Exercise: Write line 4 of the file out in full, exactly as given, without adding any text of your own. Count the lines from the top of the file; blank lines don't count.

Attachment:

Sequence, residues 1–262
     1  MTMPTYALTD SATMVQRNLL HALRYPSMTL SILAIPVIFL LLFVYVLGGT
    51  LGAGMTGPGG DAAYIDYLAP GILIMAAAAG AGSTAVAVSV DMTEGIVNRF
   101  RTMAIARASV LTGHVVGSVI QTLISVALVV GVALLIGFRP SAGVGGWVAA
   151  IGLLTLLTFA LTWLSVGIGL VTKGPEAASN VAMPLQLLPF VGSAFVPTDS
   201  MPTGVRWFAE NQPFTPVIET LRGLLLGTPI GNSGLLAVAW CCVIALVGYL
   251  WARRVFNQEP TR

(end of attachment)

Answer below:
   101  RTMAIARASV LTGHVVGSVI QTLISVALVV GVALLIGFRP SAGVGGWVAA